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Detectors zero in on Earth’s heat: Geoneutrinos paint picture of deep-mantle processes.

A window on the deep Earth opened unexpectedly in 2011, when Japan’s nuclear reactors were shut down after the Fukushima disaster. Before the closure, an underground particle detector called KamLAND based in Kamioka, Japan, was monitoring a torrent of neutrinos streaming from dozens of nearby nuclear reactors, seeking clues to the nature of these hard-to-catch subatomic particles. After those plants fell silent, KamLAND scientists could see more clearly a signal that had largely been obscured: a faint trickle of neutrinos produced inside the planet.

Neutrinos are generated in stars, reactors, and deep in Earth’s crust and mantle by the radio­active decay of elements such as uranium and thorium. KamLAND reported the first tentative detections of these ‘geoneutrinos’ in 2005 (ref.1). But last month at a conference in Takayama, Japan, KamLAND scientists reported seeing them in meaningful quantities — as did a team at the Borexino neutrino detector at the Gran Sasso National Laboratory near L’Aquila, Italy.

These detections are not just curiosities. Geoneutrinos offer the only way to measure one of Earth’s internal heat sources. The total heat flow, measured with sensors in deep mines and amounting to 47 terawatts (TW) of power, drives everything from plate tectonics to Earth’s magnetic field. Some of it comes from the decay of radioactive elements, the rest is primordial heat left over from when Earth was formed by the violent collision of planetary building blocks.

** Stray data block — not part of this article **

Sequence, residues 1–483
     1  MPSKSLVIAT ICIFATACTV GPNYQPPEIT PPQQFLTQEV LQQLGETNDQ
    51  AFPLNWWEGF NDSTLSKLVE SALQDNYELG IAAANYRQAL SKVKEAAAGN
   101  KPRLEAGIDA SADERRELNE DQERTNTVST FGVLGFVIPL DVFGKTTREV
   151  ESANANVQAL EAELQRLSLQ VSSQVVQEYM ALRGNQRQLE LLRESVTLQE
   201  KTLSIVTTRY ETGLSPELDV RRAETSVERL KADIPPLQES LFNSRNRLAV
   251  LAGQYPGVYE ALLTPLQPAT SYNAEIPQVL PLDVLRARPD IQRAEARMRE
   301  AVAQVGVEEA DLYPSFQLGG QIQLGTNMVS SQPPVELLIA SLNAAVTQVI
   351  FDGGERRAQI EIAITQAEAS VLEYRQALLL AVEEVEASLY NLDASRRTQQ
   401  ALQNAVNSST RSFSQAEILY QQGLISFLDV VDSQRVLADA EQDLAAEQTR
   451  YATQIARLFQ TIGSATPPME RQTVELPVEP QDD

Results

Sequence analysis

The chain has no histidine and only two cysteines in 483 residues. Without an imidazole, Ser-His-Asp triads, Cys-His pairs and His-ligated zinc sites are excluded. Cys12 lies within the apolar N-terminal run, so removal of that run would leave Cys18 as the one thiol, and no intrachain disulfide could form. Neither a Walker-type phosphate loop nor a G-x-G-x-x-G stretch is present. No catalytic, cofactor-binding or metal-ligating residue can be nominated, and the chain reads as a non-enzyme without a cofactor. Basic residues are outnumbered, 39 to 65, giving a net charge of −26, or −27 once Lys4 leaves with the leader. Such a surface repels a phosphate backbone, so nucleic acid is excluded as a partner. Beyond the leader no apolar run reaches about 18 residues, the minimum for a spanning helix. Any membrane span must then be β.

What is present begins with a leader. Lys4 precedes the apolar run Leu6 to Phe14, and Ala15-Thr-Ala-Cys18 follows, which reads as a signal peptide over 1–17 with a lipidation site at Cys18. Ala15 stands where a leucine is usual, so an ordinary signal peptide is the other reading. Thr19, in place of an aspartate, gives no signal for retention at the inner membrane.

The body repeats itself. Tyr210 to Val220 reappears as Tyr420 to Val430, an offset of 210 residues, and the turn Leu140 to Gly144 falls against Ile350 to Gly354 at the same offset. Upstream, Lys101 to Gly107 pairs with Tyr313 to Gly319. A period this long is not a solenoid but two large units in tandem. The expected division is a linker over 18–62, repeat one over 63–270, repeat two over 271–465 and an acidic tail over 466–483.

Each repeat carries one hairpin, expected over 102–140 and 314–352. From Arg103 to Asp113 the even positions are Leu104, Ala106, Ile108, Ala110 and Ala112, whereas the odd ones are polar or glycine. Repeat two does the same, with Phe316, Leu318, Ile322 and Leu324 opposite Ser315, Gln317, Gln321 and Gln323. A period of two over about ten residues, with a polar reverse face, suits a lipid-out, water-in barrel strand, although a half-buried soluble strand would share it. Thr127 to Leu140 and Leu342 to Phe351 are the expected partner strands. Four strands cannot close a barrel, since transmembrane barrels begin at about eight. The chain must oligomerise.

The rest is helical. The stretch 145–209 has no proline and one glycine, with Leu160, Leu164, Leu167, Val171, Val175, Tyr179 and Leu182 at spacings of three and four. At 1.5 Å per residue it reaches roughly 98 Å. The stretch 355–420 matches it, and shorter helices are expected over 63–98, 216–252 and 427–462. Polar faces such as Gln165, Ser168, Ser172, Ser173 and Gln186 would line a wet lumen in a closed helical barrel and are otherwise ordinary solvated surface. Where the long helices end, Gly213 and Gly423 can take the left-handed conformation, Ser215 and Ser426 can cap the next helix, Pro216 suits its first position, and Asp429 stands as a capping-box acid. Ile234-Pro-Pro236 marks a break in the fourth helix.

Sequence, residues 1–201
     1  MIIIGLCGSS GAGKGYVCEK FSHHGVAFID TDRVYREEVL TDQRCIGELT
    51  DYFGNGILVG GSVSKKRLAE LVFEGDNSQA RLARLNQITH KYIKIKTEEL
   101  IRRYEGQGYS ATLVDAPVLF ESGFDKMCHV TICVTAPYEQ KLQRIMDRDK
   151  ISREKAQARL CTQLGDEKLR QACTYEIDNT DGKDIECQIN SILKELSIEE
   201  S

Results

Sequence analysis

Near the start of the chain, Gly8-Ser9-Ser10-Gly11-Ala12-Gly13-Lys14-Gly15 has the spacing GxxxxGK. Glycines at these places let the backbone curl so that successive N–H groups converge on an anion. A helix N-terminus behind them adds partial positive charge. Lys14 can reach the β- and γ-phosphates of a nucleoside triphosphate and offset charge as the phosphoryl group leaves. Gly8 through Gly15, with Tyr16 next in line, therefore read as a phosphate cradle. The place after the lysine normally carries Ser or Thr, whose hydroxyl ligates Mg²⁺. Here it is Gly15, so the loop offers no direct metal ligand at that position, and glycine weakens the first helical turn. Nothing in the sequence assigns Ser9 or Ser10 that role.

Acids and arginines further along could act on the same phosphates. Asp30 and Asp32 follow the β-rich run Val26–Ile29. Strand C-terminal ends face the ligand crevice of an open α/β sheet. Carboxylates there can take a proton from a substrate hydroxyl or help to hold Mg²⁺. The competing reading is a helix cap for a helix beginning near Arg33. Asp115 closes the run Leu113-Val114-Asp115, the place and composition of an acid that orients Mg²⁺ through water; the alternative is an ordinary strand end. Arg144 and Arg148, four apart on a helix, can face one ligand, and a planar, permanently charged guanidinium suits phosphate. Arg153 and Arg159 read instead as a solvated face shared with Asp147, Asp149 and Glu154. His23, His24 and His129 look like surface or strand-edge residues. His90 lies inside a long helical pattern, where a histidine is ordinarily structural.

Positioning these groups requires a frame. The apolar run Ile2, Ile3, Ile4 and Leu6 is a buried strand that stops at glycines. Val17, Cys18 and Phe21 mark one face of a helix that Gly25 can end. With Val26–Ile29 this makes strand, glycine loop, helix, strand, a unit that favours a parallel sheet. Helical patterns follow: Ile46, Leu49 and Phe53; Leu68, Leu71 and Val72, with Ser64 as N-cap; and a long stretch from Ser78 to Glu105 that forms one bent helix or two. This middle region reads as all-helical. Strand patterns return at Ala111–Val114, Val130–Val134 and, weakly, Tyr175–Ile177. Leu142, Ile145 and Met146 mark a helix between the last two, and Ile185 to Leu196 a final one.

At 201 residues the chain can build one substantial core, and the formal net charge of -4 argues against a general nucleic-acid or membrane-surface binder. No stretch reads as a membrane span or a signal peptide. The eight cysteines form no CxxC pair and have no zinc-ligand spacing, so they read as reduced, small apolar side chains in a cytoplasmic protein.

But no one knows the proportions. Geologists assume that Earth contains the same amount of radioactive elements as certain primitive meteorites, but they aren’t sure. “We’re after trying to understand how Earth was built,” says William McDonough, a geologist at the University of Maryland in College Park.

Ultimately, geoneutrino researchers would like multiple detectors spaced around Earth, so that they could perform a sort of tomography on the mantle. That could help scientists to discern between models that favour the uranium and thorium being spread throughout the mantle, versus those in which the elements are concentrated near the core–mantle boundary. Such a difference could help to determine where and how long heat will continue to flow to drive geological processes such as plate tectonics — and how long it will take Earth to cool.

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